Fast-forward to modernity and it is not uncommon to hear someone brag about how little sleep they get, the implication being that they are saving this time to work more, believing that they can beat the competition by sleeping less, but harming their own health and well-being in the process. “Although society often views sleep as a luxury that ambitious or active people cannot afford, research shows that getting enough sleep is a biological necessity, as important to good health as eating well or exercising” [6]. The problem with not getting enough sleep is that it puts people at risk for drowsy driving, injury, and illness and can impair mental abilities, emotions, and performance [7]. People who are sleep-deprived often depend on caffeine to get them through the day. According to drowsydriving.org:

 

"The National Highway Traffic Safety Administration conservatively estimates that 100,000 police-reported crashes are the direct result of driver fatigue each year. This results in an estimated 1,550 deaths, 71,000 injuries, and $12.5 billion in monetary losses. These figures may be the tip of the iceberg, since currently it is difficult to attribute crashes to sleepiness."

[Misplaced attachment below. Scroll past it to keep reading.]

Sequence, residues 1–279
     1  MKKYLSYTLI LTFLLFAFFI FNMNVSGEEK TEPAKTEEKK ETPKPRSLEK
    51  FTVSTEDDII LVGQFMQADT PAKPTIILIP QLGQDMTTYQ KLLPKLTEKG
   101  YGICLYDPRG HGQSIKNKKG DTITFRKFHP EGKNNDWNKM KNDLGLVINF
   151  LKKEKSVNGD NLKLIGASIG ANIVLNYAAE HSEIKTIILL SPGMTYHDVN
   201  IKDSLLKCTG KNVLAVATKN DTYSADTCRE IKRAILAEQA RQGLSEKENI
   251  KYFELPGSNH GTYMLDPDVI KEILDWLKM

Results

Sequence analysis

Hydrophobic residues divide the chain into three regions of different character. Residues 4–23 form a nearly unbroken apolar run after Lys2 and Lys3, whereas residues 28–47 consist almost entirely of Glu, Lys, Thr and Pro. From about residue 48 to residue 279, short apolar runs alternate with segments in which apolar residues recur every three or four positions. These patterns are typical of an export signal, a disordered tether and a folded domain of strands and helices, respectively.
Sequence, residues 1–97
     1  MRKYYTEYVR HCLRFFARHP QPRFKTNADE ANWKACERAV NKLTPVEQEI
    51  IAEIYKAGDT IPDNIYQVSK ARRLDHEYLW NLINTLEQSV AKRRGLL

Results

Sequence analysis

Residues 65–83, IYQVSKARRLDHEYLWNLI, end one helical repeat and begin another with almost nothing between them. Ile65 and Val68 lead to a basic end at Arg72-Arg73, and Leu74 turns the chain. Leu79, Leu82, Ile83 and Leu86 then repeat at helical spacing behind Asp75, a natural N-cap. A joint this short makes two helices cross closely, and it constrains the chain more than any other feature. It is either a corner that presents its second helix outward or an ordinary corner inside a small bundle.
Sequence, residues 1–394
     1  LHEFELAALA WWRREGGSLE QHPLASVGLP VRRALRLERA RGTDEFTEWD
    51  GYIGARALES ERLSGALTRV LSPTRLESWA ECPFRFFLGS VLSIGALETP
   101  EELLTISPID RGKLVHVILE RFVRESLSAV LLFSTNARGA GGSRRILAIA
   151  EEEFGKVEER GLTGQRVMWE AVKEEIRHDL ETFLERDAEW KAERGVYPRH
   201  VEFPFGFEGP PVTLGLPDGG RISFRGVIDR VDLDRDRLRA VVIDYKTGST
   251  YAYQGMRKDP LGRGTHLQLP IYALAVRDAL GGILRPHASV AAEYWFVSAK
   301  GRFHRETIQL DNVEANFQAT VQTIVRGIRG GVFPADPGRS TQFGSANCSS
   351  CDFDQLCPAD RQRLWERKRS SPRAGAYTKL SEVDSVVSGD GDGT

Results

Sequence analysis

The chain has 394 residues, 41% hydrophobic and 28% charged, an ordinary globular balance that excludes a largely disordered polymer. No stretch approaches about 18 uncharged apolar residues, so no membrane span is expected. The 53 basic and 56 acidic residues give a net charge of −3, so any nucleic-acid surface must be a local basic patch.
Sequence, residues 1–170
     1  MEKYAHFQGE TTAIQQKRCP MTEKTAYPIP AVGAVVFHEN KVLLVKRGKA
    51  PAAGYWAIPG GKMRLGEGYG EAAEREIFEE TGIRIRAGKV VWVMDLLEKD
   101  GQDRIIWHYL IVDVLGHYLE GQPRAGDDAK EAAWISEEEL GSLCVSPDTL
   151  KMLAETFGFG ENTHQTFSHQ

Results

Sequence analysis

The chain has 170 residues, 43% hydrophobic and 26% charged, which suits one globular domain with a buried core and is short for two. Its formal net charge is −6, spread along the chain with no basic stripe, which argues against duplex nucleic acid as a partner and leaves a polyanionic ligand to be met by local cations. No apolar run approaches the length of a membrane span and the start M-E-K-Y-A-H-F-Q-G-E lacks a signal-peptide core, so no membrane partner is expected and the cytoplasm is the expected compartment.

So how much sleep do we really need? Based on the National Sleep Foundation’s most recent study (produced by an eighteen member expert panel of leading scientists and researchers), the typical adult needs between 7 and 9 hours sleep, while 6 or 10 hours may be appropriate from some individuals: more or less than that is either too little or excessive. A recent Gallup poll, indicates that 40% of Americans get six hours or less of sleep at night. In 1942, this figure was 11%.  While the advent of electricity changed our sleep patterns, the fast pace of modern life and the ubiquity of the internet has us sleeping less, which impacts our health and well-being. It has also made it harder for us to fall asleep.